Look Both Ways When Crossing: Trains Return to Ashland








Ashland residents witnessed the return of freight trains last week as the first few rail cars rolled through town, cautioning drivers and pedestrians with a loud whistle blow. After nearly 8 years of their absence, the recovery of the train system has brought up issues concerning the safety of the 9 railroad crossings throughout Ashland.

Although the crossings on Oak Street and Walker Avenue have recently been modified to account for the new train traffic, others are equipped with nothing more than a stop sign. The city of Ashland, however, has no control over railroad crossing guidelines. All regulations are created by the Oregon Department of Transportation (ODOT) and have been enforced on all crossings in Ashland, meaning that they are all up to date on safety standards. ODOT is also in charge of routinely inspecting the crossings to make sure they constantly meet the requirements.

“I am not personally concerned about the crossings,” said Anne Bellegia a long-time community member, “but I actually stop at stop signs. We all just have to be vigilant.” Others expressed the same notions towards the trains. “I ride my bike across those tracks every morning,” said Clothilde Baudouin a Political Science Major at SOU, “it’s just something I have to get used to now.”

The trains will not be moving faster than 20mph when crossing through city boundaries. That doesn’t mean safety shouldn’t be a main concern when it comes to crossing the rails. According the Federal Railroad Administration there were 2,289 railroad crossing incidents in 2014 resulting in 268 deaths and 853 injuries.  Ashland residents are likely to cross one or more of the nine crossings in the city, multiple times a day, whether that be on foot, bike or in a vehicle. Residents, therefore, are encouraged to be alert when walking over the tracks, and when it comes to driving over, always play it safe.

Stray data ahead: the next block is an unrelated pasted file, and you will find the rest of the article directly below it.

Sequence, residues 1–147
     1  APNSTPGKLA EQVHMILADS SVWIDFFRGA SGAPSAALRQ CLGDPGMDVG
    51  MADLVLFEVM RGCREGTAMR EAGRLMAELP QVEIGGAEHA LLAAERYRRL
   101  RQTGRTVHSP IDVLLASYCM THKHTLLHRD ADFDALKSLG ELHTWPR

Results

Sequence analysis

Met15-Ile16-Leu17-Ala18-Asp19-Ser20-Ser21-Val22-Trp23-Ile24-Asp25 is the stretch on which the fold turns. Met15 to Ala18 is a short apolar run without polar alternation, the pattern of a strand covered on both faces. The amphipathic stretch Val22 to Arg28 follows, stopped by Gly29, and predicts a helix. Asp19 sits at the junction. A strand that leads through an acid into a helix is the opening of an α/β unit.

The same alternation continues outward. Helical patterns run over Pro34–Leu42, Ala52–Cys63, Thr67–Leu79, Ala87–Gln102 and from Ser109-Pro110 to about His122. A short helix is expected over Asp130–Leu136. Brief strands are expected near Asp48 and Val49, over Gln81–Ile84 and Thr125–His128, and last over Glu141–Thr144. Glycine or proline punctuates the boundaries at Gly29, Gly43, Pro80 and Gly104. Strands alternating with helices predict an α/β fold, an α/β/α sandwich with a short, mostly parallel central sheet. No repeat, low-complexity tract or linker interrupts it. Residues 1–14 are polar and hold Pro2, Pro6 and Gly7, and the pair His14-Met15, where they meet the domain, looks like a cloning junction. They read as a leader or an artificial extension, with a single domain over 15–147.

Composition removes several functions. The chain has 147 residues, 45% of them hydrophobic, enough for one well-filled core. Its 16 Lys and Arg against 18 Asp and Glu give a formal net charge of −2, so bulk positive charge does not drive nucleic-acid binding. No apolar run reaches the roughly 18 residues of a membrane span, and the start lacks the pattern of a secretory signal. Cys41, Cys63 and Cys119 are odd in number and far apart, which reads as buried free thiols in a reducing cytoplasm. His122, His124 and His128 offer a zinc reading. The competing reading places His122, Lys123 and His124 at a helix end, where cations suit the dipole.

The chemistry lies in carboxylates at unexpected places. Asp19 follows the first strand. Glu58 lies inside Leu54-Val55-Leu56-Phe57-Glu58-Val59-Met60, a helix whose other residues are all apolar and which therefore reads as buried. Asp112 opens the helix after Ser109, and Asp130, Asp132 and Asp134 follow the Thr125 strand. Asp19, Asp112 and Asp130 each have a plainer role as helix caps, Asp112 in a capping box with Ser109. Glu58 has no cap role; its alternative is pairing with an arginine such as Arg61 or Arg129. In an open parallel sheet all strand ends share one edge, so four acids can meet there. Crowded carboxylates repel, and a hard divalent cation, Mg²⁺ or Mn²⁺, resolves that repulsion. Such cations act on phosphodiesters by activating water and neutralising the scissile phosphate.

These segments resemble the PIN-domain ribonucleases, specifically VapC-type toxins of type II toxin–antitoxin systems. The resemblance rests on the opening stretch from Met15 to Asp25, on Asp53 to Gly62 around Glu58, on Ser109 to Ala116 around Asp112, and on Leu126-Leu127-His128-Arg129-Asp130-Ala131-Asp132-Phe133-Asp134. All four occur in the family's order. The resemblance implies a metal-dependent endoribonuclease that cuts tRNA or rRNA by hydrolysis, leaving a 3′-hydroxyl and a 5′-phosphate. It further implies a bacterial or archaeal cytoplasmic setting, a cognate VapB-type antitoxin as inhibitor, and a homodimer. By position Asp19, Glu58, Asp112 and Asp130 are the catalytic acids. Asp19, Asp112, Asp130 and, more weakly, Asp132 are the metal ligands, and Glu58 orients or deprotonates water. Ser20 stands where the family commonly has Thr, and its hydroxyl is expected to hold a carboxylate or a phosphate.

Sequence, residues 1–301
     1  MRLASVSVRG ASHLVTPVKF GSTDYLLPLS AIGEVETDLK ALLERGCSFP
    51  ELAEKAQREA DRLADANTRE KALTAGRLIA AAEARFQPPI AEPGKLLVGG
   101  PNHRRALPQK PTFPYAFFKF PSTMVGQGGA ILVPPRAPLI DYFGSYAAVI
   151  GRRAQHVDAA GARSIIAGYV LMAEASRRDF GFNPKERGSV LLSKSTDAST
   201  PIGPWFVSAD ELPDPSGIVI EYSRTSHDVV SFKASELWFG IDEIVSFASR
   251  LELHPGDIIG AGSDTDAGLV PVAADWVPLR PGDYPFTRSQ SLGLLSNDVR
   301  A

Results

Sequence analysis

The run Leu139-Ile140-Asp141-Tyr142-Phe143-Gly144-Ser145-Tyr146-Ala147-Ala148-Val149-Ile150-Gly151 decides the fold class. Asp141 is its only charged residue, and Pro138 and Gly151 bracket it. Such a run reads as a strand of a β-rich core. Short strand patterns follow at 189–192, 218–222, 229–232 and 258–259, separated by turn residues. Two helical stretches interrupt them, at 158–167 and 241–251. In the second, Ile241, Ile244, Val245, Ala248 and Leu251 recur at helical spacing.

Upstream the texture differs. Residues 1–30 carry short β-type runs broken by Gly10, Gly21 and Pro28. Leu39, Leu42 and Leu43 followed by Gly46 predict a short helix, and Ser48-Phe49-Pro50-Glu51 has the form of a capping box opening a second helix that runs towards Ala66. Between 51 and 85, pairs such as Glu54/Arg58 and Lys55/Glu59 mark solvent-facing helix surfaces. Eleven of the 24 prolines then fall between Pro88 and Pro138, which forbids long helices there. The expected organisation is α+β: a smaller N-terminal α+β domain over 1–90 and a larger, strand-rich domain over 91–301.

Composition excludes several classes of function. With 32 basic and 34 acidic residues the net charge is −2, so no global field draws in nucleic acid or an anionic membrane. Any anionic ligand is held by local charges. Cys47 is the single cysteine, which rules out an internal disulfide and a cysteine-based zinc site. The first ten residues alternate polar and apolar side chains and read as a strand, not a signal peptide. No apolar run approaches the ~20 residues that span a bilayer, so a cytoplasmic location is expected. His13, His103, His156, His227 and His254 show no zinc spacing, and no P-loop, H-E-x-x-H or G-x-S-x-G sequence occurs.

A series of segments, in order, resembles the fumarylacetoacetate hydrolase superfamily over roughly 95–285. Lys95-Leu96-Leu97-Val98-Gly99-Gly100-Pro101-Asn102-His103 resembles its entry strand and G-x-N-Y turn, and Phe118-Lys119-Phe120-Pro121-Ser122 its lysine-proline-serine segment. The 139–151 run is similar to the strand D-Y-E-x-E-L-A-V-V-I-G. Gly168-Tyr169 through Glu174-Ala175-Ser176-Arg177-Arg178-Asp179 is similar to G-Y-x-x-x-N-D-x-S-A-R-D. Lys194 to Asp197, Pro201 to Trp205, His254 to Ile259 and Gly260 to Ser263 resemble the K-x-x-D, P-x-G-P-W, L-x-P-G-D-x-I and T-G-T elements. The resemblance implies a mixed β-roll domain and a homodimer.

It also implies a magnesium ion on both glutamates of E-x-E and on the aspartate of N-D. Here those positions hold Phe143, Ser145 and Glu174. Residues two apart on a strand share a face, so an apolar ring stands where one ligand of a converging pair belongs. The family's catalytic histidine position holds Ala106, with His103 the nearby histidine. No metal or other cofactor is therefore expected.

In the past railroad services have proven to be both safer and more efficient, reducing highway congestion of 3.5 semi trucks for each rail car used, according to ODOT. This was enough incentive for the Central Oregon and Pacific Railroad (CORP) to begin construction on the railway in the spring. They are planning to run 10 or 12 rail cars (about two trains) a day on the track, which can remove roughly 30 semis from I-5 everyday.

The Siskiyou Rail line was in use until 2008 when CORP claimed that they were losing money in the operation. But factors around fuel costs and incentives have changed so for months now they have been repairing a 65-mile stretch of track from Ashland down south to Weed, CA, so that it is prepared to handle a 286,000-pound freight capacity, the industry standard for rail cars.

While freight trains are the only type of trains using the Siskiyou line, ODOT hopes to implement passenger trains in the future so long as it is competitive with automobile travel. The track that runs from Ashland up north to Portland travels through winding mountains and steep downgrades, increasing travel time. Officials say in order to have a passenger train on this rail line a route will have to be created in which passenger trains could travel faster to compete with cars traveling on I-5.

The only passenger train route available from Southern Oregon currently leaves from Klamath Falls.